Event Marketing Pros Foresee Spending Boost

Many of AccuList USA’s trade show and conference marketers are already looking ahead to 2018, and event technology firm Bizzabo’s recent “Event Marketing 2018: Benchmarks and Trends” report has some good news: Event marketers and business execs plan to invest more in live events in future.

Marketers & C-Suite Plan More Dollars for Events

One of the key findings of Bizzabo’s global survey of 400 mid- to senior-level marketers is that most event marketers believe that events are the single most effective marketing channel, better than e-mail, social media, and digital and traditional advertising. The majority also plan to invest more in future live events, both in terms of budget (63%) and number of events (63%). Plus, the majority (91%) of businesses with top performance place a greater emphasis on live events as a marketing channel than the underperforming businesses or businesses performing as expected–and those overperforming businesses plan to grow their event marketing budgets by more than the rest. Regardless of performance, an overwhelming majority of C-Suite executives surveyed (87%) say they believe in the power of live events and plan on investing more in the future.

But Event Success Still Doesn’t Come Easy

Though event marketers and executives have confidence in the marketing effectiveness of B2B trade shows and conferences, that doesn’t mean they think success is assured. In another survey, Bizzabo asked leading event marketers for advice on overcoming common event hurdles. For example, what if attendance is sparse? To avoid staring at an empty hall in horror, make sure the event is clearly advertised on all social media profiles, blog, and website, including paid ads; empower those who have already committed attendance (especially speakers) to be event ambassadors by sharing the event on their own social media profiles and websites; and use RSVPs to keep attendees accountable. Then what if the attendees are there, but enthusiasm is low? To boost engagement, the pros suggest crowdsourcing questions for interviews and round tables before the event; creating hangouts or webinars related to event sessions; and sending segmented e-mails based on registration data to get attendees pumped up for specific aspects. So how do you get data in real-time to keep steering the event toward success? There are now mobile event apps that can track every touch, and mobile polls and surveys can instantly collate results. Beacons can measure crowd movement and dwell-time in exhibit booths, and social sentiment analytics tools can get direct, immediate feedback. To see solutions to nine common problems–including managing multi-track events, avoiding long lines, planning social media effectively and more–go to https://blog.bizzabo.com/event-marketing-nightmares-and-how-to-solve-them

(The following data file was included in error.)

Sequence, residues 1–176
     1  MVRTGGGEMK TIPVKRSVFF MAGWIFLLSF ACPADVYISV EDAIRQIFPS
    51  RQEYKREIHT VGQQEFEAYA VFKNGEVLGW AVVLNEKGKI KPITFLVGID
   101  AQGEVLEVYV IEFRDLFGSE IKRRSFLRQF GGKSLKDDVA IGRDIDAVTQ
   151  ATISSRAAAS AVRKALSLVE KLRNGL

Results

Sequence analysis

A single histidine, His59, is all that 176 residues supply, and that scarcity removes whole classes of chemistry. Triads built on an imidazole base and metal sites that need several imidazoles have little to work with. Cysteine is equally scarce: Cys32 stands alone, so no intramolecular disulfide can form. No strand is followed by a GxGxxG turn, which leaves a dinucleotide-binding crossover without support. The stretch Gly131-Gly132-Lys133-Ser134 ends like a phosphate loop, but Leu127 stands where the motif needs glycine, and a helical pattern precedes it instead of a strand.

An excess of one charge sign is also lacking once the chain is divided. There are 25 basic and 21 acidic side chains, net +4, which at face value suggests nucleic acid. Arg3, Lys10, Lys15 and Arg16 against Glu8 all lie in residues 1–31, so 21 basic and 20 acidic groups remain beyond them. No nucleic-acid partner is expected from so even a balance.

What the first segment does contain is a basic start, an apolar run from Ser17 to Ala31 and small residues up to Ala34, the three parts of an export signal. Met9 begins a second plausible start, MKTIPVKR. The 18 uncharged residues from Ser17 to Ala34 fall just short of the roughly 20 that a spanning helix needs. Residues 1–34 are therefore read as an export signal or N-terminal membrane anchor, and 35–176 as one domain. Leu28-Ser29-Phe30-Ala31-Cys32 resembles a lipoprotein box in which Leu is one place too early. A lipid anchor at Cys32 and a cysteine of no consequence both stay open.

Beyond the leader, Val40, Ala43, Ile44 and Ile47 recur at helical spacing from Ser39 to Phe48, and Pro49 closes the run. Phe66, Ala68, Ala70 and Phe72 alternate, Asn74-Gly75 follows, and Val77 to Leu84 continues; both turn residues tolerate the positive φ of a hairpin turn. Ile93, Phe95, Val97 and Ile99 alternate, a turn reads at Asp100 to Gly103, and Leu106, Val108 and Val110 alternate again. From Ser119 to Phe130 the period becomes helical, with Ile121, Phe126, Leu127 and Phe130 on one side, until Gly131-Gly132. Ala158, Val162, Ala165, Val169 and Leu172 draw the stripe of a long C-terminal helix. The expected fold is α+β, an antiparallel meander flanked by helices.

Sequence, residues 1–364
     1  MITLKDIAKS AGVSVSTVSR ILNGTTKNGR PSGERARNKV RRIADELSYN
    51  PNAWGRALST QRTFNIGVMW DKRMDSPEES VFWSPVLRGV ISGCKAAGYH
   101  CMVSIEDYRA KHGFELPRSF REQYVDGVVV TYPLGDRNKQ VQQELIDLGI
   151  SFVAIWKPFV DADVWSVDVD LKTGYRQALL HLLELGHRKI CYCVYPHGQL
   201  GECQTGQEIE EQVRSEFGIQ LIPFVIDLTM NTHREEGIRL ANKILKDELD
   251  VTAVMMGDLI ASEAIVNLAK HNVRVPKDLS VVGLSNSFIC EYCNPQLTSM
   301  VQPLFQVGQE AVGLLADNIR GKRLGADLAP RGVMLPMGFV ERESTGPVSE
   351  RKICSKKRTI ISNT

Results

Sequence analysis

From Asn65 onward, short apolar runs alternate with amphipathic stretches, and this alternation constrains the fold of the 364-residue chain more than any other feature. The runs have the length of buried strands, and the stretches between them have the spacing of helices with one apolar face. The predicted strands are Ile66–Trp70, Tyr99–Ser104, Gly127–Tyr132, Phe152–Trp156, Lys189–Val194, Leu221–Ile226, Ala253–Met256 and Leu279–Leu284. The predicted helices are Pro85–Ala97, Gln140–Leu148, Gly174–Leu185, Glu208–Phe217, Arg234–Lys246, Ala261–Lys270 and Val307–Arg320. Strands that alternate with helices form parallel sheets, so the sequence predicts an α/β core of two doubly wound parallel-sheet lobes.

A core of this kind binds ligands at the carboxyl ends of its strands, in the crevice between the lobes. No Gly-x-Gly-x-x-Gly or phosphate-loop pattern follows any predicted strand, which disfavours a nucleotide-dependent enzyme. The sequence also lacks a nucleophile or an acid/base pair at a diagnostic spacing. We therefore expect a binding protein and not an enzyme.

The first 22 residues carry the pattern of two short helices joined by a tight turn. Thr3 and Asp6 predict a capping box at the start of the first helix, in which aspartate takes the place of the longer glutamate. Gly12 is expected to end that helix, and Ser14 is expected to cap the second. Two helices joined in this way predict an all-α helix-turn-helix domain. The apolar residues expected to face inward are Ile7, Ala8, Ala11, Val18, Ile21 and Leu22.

Survey: Mismatches in Event Marketing Channels, Attendee Interest

Where should trade show and conference marketers go fishing for potential audience? In a multi-channel world, it can be challenging to balance online, e-mail, print and social media for best results. Now a recent survey by XING Events, as reported by MarketingProfs, shows interesting gaps between where event marketers are casting their nets and where potential attendees pool to research events.

Event Attendees Are Drawn by Word-of-Mouth & E-mail

According the the XING Events study, which is based on a global survey of 2,621 event attendees and 1,630 event organizers, event attendees most often learn about work-related events through word-of-mouth mention by friends and acquaintances (66%) and via e-mail newsletters (59%). Fewer event attendees (20%) report being influenced by ads for print and online professional publishing. Online search has more impact when the audience is already aware of the event; for example, 49% say they use online search to find details about trade shows or conferences they already have heard about (via word-of-mouth, e-mail or print). Just 22% learn about an event by doing keyword searches. However, an even smaller portion (16%) of event attendees report that they use social media to research events.

Event Marketers Focus on Websites, E-mail & Social Media

Event marketers don’t exactly mirror attendees’ preferences. About 89% of surveyed event organizers say they market their events through their own websites, culling search traffic. Some 76% say they market through e-mail newsletters, which is in line with attendee activity. The surprise is that 73% of event pros say they promote via social media even though it is not where most of the audience is currently looking for event information.  And about 47% use traditional print channels.

Event Planners Foresee Social Media Expansion

Despite its current lower usage among event attendees, social media is the marketing channel that most event marketers plan to grow in future. Some 65% of organizers say they would like to use social media more frequently in the future. The next most popular target for expanded investment is their own websites (48%) and e-mail (41%). Although “influencer marketing” is a trendy topic, only 33% of event pros plan to increase influencer or multiplicator marketing to pump word-of-mouth.

For more study results, see https://www.marketingprofs.com/charts/2017/32765/how-events-are-marketed-to-and-found-by-attendees?adref=nlt091817